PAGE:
“What matters most is an exhibitor’s ranking as compared to its competition,” said Mark Turnage, CEO of OWL Cybersecurity. “For example, if Symantec, Trend Micro, and Kapersky Lab consider each other competitors, they should assess their footprint scores in relation to one another.”
OWL Cybersecurity recently reranked the Fortune 500 by darknet footprint and security levels, and decided to examine the Black Hat USA 2017 exhibitors to see whether they have a markedly different darknet footprint than other indices. Every company on the Fortune 500 index had a presence on the darknet, whereas only 75 percent of the Black Hat exhibitors did, by far the lowest percentage of positive sample results OWL Cybersecurity tested across multiple groups.
Some key takeaways from the index include:
- Microsoft leads the Black Hat Darknet Index. Microsoft scored higher than the score they registered three months ago when their darknet footprint landed them at #12 on the Fortune 500 Index.
- Hewlett Packard and Accenture are not far behind. OWL Cybersecurity attributes these rankings to the companies’ growing volume of data collected in the OWL Vision platform.
- The U.S. government is exposed. The Department of Homeland Security ranks fourth on the Black Hat Darknet Index, which is surprising given its overall mission. (Next month, OWL Cybersecurity will publish their ranking of the top U.S. government agencies by their presence on the darknet.)
- Top targets are large organizations expanding into cybersecurity. Four of the top 10 ranked companies in the Black Hat Darknet Index are also listed in the Fortune 500 Index. All three of the largest anti-virus firms were in the top 20. While OWL Cybersecurity expects larger, more established companies to have more significant darknet footprints overall, the degree to which these factors determined the top rankings of the Black Hat Darknet Index was surprising.
- Hacked valuable data leads to an increased risk. The highest-scoring companies all had credentials and/or intellectual property, which can be monetized by others, exposed on the darknet. The presence of this type of sensitive information is quite common in the database.
Based on the results of The Darknet Index: Black Hat Edition, it is apparent that investing in cybersecurity has tangible Darknet Index score benefits. While there were exceptions, companies that take information security seriously (like most Black Hat exhibitors), should have smaller darknet footprints and, thus, lower Index ratings.
“Our approach is a key factor in a complete information security program,” said Turnage. “A complete program incorporates the analysis and monitoring of darknet data, allowing organizations to quickly detect security deficiencies and alleviate any damage prior to the misuse of their compromised data.”
The complete Black Hat 2017 Darknet Index will be released for public download at http://www.owlcyber.com/black-hat-2017 on Friday, July 28, but will be available to all Black Hat exhibitors and attendees at OWL Cybersecurity’s booth, 973 in the Business Hall, during the conference, which begins today.
To see the OWL Cybersecurity Darknet Index: Black Hat Edition, please visit us at Black Hat USA 2017 in Booth 973. Otherwise, the report will be available digitally at the below link starting Friday, July 28, 2017.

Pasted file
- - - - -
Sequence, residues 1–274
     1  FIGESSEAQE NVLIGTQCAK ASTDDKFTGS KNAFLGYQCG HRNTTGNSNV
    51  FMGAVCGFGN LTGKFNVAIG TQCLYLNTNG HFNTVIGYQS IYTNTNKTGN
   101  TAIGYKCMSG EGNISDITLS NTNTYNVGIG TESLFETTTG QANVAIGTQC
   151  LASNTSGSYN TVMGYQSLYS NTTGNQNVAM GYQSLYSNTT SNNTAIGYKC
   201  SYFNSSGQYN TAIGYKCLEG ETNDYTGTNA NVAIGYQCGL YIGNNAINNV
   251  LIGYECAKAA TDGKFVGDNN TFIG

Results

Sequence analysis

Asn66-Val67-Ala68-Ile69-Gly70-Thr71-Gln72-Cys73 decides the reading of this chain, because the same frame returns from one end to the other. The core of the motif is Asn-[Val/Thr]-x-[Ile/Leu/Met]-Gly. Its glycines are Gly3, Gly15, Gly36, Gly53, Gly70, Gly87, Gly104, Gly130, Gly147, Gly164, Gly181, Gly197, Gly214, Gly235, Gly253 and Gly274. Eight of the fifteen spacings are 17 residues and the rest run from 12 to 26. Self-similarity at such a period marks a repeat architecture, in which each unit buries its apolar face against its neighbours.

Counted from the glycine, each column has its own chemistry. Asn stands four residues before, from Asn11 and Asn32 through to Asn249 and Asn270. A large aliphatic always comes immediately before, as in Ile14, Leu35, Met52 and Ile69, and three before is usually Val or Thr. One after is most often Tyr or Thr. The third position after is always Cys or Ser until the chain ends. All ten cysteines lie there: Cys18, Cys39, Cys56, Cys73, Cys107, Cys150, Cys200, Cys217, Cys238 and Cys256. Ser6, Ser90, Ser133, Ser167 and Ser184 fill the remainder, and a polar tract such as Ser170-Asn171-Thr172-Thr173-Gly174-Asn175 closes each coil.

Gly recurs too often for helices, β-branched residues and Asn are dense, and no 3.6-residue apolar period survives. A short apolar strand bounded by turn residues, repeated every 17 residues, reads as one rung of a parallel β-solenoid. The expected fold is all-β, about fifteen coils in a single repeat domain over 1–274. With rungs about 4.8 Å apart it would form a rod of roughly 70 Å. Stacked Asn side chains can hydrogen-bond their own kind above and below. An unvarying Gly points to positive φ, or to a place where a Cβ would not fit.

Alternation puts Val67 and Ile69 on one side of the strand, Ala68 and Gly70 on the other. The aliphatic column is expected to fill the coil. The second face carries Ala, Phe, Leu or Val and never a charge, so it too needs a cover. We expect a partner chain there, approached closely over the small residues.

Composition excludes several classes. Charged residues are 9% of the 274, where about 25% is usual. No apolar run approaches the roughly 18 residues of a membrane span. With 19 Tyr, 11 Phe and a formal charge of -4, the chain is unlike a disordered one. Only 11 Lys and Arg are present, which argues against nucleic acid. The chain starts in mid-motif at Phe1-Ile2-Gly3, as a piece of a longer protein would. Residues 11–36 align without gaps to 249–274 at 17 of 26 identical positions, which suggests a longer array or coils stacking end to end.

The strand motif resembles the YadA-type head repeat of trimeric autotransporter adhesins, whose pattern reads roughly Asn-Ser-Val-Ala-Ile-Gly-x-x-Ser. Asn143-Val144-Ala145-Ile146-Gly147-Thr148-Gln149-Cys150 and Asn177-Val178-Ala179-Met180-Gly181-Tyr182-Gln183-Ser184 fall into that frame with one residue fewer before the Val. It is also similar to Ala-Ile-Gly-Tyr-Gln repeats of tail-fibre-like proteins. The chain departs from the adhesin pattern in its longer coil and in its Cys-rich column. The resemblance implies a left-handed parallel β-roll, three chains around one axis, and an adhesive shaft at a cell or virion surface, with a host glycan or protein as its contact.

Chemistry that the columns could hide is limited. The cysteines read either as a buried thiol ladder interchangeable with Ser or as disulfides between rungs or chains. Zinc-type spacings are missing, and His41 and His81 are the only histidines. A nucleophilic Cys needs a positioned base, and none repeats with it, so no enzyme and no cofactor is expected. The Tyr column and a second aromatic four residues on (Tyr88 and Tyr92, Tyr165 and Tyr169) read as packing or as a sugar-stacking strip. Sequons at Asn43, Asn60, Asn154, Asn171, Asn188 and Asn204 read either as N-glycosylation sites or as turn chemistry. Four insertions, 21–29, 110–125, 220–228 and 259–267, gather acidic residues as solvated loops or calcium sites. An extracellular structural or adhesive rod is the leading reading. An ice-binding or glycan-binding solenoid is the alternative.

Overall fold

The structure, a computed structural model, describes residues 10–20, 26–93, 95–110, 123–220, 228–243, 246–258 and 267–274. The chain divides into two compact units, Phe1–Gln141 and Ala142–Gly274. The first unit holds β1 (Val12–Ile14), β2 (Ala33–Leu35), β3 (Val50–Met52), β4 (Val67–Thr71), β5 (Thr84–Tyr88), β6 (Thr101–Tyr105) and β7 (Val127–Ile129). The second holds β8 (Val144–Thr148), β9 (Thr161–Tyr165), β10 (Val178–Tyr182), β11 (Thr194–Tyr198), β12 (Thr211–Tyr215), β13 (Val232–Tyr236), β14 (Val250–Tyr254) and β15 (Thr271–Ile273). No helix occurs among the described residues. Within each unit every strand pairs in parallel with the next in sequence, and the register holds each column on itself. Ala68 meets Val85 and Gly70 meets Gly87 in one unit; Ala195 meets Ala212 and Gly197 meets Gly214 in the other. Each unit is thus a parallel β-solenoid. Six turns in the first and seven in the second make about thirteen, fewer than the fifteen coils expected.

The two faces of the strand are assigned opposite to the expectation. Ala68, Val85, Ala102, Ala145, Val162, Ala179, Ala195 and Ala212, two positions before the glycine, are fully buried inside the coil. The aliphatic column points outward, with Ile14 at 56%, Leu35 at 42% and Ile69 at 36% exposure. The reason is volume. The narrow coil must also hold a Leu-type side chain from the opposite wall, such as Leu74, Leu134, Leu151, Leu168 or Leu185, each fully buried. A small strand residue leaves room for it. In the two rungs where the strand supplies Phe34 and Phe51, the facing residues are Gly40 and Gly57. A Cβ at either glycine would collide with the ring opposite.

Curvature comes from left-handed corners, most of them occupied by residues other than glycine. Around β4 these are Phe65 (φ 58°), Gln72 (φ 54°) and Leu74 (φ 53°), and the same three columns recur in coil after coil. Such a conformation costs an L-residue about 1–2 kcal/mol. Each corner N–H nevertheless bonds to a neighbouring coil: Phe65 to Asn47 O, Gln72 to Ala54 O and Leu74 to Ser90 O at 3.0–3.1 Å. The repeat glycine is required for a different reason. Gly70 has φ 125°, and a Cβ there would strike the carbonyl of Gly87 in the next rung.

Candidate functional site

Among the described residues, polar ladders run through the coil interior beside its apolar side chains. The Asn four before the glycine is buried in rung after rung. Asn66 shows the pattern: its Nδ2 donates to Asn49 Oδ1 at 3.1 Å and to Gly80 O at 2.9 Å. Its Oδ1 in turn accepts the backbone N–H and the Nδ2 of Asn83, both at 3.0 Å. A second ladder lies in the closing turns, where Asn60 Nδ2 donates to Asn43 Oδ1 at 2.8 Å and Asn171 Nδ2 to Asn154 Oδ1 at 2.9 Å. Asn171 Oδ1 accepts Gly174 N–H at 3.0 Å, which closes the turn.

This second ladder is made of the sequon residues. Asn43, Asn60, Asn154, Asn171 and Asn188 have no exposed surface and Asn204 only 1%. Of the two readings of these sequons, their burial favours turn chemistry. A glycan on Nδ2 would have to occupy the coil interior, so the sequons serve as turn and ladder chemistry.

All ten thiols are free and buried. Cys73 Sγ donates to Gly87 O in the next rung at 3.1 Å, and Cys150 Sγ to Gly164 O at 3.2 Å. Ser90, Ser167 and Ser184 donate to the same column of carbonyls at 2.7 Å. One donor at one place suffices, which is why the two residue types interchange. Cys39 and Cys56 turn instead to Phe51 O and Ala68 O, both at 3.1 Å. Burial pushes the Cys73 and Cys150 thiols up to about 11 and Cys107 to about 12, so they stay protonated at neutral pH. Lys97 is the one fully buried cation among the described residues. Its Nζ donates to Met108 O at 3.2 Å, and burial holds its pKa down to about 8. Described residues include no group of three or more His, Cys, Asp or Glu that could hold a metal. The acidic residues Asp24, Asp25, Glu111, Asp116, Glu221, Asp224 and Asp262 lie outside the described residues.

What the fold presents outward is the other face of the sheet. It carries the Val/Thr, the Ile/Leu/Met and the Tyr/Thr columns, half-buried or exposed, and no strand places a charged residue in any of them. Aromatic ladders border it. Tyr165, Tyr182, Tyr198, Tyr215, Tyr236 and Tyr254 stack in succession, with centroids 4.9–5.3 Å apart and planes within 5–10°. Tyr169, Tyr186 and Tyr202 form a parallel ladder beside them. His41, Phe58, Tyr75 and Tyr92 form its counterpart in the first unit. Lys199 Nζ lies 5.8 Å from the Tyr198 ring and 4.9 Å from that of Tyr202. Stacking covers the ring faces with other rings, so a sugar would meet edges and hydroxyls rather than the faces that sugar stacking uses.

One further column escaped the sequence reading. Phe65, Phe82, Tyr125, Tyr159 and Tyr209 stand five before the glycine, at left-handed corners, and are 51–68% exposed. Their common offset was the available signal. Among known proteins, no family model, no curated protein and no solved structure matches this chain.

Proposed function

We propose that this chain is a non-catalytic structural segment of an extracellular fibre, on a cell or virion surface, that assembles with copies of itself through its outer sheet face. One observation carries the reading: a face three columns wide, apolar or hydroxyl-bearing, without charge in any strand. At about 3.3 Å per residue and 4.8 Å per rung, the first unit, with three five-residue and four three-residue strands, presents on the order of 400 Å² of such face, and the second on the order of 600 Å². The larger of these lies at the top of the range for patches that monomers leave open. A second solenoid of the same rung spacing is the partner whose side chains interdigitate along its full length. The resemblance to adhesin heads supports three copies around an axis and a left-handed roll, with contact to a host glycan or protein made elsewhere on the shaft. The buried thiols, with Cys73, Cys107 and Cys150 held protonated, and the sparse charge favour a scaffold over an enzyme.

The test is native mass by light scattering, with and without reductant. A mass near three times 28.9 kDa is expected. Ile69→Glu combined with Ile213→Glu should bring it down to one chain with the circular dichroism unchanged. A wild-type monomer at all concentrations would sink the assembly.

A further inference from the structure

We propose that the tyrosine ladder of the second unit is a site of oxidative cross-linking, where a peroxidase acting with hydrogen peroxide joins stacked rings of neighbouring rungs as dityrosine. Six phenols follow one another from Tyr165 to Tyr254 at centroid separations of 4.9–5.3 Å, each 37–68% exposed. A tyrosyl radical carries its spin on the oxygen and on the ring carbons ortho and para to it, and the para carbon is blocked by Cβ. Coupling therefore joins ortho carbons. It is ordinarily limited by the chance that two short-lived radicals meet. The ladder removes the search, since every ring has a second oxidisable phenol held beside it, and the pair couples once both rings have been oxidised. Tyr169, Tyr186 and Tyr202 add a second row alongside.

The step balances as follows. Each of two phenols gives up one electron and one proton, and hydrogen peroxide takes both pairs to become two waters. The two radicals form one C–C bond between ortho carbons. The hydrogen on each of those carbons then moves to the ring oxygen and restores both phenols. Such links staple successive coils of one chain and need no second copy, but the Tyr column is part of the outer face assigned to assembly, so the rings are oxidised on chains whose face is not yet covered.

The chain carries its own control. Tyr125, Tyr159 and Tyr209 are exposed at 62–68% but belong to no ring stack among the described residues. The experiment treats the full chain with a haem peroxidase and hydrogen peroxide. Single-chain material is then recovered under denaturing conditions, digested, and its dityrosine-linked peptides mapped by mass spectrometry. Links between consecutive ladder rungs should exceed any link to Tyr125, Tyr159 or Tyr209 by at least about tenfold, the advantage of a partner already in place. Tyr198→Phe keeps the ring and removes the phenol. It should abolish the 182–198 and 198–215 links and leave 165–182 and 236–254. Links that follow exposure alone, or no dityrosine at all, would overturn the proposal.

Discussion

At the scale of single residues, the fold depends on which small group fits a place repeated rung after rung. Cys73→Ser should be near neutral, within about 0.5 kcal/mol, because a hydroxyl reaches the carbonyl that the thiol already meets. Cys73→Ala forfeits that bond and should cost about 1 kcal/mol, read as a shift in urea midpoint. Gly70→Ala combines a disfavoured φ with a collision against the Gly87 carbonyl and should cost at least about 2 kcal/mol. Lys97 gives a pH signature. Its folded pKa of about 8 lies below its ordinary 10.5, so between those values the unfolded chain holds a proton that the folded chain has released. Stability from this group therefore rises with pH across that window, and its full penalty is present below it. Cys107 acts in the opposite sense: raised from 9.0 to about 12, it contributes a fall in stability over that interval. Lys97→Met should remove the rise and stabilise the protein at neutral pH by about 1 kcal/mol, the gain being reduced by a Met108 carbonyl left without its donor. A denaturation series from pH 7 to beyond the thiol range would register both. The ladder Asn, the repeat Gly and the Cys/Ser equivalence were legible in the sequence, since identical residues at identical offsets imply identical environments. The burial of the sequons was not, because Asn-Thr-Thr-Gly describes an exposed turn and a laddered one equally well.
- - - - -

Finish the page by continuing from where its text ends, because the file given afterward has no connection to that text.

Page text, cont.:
DENVER—(WEBWIRE)—July 24, 2017— OWL Cybersecurity, a Denver-based cybersecurity company offering the world’s largest commercially available database of darknet data, today announced members of the company’s technical teams will be presenting at DEFCON 25, the oldest continuously running hacker convention, July 27-July 30 at Caesar’s Palace in Las Vegas.
OWL Cybersecurity members will be presenting a discussion on operational security titled, “From OPSUCK to OPSEXY, an OPSEC Primer” on Friday, July 28 at 1 p.m. PST at DEFCON Skytalks in Caesar’s Palace. The discussion will be led by Justin Whitehead, Steve Pordon and Preston Nelson, all of OWL Cybersecurity, and will focus on first-hand experiences in the information security industry to help people gain a better understanding of threats and how to protect against them.
Whitehead will also be teaching at DEFCON R00tz Asylum with the Drone Wars team at 1 p.m. PST in Caesar’s Palace on Saturday, July 29. Whitehead will teach an introduction to setting up the Raspberry Pi 3 and discuss how the computers can be used in the world of drones. The talk and workstation will offer flight simulators, as well as construction and operation projects using drone build kits, custom 3D-printed designs (you can print your own at the event), Raspberry Pi build kits and drone racing. Attendees will learn about remote camera setup and functions, real flight controllers, simulated flights and drone functions, as well as exciting adaptations. Drone race winners will leave with a custom drone build kit plus remote or a Raspberry Pi.
“We are thrilled to contribute to this con that brings together the best and the brightest of the infosec community for what is, undoubtedly, one of the most anticipated events among colleagues and friends,” said Whitehead. “This is one of the only conferences where we can race drones one second, and then share real-world experiences to help each other become more effective in our work.”
In addition to all the activities, the OWL Cybersecurity research team will unveil their unique Kali Linux distribution and delivery/deployment adaptation at the convention.